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126800 November 29, 1999 PARDO, J.: Facts: 1. Norma Rosel entered into a loan agreement with Natalia Bustamante and her late husband Ismael a. b. 2. 3. 4. and to guaranty payment, putting as collateral 70 sqm inclusive of the apartment, of the that if borrowers fail to pay, lender has an option to buy the collateral for 200k C. Bustamante for the amount of P100,000 for the period of 2 years with interest of 18% said land When loan was to mature, Spouses Rosel proposed to buy at a pre-set price of 200k Bustamante refused and requested for extension of time to pay the loan. a. offered to sell another residential lot with the principal loan plus interest as downpayment. Spouses refused to extend the payment of the loan and accept the lot as it was occupied by

squatters and Bustamante and her husband were not the owners but mere land developers entitled to subdivision shares or commission if and when they developed at least 1/2 of the subdivision area. 5. 6. 7. Bustamante tendered payment of the loan which the Spouses refused to accept a. insisting on Bustamante's signing of a prepared deed of absolute sale of the collateral Spouses Rosel filed with RTC a complaint for specific performance with consignation against the Spouses Rosel sent a demand letter asking Bustamante to sell the collateral pursuant to the option

Spouses Bustamante. to buy embodied in the loan agreement.

8. However, Bustamante filed with RTC a petition for consignation, and deposited the amount of P153,000 with the City Treasurer. 9. Bustamante still refused and the barangay conciliation failed a. so Spouses consigned the amount of P47,500 with the TC b. Spouses considered the principal loan of P100k and interest of P52k so leaving a balance of 47.5k 10. TC ruled and a. denied prayer for the execution of the Deed of Sale to convey the collateral b. ordered Bustamante to pay the loan with interest counted from due date until time when Bustamante deposited the amount with the City Treasurer. 11. Spouses appealed and CA reversed a. ordering Bustamante to accept the amount of P47k deposited with the Clerk of Court b. and Bustamante to execute the Deed of Sale c.Bustamante are allowed to withdraw the P153k deposited by them 12. Hence, Petition BUSTAMANTE: that the real intention of the parties to the loan was to put up the collateral as guarantee similar to an equitable mortgage according to Article 1602 of the Civil Code. SPOUSES ROSEL: that the agreement between the parties was not a sale with right of re-purchase, but a loan with interest at 18% per annum for a period of two years and if petitioner fails to pay, the respondent was given the right to purchase the property or apartment for P200,000.00, which is not contrary to law, morals, good customs, public order or public policy.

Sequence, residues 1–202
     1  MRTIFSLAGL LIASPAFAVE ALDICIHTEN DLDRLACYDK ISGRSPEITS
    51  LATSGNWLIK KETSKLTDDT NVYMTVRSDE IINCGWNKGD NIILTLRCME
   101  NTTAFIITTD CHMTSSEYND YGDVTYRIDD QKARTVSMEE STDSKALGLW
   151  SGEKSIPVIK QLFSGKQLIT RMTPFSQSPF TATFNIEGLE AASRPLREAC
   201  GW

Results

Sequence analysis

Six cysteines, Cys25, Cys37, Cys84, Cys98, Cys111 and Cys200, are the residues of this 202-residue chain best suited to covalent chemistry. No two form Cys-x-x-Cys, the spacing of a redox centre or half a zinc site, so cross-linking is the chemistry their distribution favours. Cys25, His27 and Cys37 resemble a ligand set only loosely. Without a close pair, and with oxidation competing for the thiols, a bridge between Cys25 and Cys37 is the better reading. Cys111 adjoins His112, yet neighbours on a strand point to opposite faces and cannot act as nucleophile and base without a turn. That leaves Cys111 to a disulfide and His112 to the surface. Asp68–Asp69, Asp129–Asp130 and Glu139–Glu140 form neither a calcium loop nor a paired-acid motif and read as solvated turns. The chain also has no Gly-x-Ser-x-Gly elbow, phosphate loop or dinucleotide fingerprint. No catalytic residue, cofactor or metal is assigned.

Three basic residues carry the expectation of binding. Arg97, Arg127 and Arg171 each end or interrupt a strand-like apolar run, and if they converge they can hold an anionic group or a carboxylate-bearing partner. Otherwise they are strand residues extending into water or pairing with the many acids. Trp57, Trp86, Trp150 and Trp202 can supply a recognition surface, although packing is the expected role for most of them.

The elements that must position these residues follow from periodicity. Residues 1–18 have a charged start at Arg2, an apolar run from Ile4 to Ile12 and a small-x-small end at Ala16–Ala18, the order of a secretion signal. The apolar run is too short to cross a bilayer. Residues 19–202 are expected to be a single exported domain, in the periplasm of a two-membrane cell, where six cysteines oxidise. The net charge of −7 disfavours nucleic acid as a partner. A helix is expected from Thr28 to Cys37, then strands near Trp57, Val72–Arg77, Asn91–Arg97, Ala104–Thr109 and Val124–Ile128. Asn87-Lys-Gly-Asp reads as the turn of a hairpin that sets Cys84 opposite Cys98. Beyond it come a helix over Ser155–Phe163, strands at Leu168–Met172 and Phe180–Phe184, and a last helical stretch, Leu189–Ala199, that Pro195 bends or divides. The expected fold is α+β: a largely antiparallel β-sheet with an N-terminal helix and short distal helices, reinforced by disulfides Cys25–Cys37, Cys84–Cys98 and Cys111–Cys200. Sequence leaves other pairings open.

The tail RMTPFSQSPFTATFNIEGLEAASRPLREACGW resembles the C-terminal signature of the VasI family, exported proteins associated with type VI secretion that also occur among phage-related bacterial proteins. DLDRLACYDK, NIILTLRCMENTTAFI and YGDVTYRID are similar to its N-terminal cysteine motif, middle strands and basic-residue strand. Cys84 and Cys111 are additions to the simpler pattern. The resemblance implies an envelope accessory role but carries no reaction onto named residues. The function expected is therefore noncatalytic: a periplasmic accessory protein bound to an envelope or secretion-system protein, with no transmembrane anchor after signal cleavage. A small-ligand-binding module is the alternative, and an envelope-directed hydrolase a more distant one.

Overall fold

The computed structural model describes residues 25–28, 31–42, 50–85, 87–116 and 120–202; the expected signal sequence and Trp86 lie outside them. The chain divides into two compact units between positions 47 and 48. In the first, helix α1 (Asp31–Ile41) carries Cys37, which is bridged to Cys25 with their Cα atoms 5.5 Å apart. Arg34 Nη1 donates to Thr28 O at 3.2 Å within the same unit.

Issue: Did Bustamante fail to pay the loan at its maturity date and whether the stipulation in the loan contract was valid and enforceable? Bustamante did not fail to pay and Stipulation was void

Held: The loan was due for payment on March 1, 1989.

o On said date, Bustamante tendered payment to settle the loan which the Spouses refused to accept, insisting that Bustamante sell to them the collateral of the loan. o When Spouses refused to accept payment, Bustamante consigned the amount with the trial court. There was eagerness from the Spouses to acquire the property given as collateral to guarantee the loan. The sale of the collateral is an obligation with a suspensive condition. o It is dependent upon the happening of an event, without which the obligation to sell does not arise. o Since the event did not occur, Spouses do not have the right to demand fulfillment of Bustamantes obligation, especially where the same would not only be disadvantageous to Bustamante but would also unjustly enrich the Spouses considering the inadequate consideration (P200,000.00) for a 70 square meter property situated at Congressional Avenue, Quezon City.
On Spouses argument that contracts has the force of law between the contracting parties and

must be complied with in good faith. o There are, exceptions to the rule, specifically Article 1306 of the Civil Code

o Art. 1306. The contracting parties may establish such stipulations, clauses, terms and conditions as they may deem convenient, provided they are not contrary to law, morals, good customs, public order, or public policy Stipulation of the parties reveals an intention of the creditor to acquire the property given as security for the loan. This is embraced in the concept of pactum commissorium, which is proscribed by law. The elements of pactum commissorium are as follows: o (1) there should be a property mortgaged by way of security for the payment of the principal obligation, and o (2) there should be a stipulation for automatic appropriation by the creditor of the thing mortgaged in case of non-payment of the principal obligation within the stipulated period. A significant task in contract interpretation is the ascertainment of the intention of the parties and looking into the words used by the parties to project that intention. The intent to appropriate the property given as collateral in favor of the creditor (SPOUSES) appears to be evident, for the debtor (BUSTAMANTE) is obliged to dispose of the collateral at the preagreed consideration amounting to practically the same amount as the loan. In effect, the creditor acquires the collateral in the event of non-payment of the loan. o This is within the concept of pactum commissorium. o Such stipulation is void. Petition Granted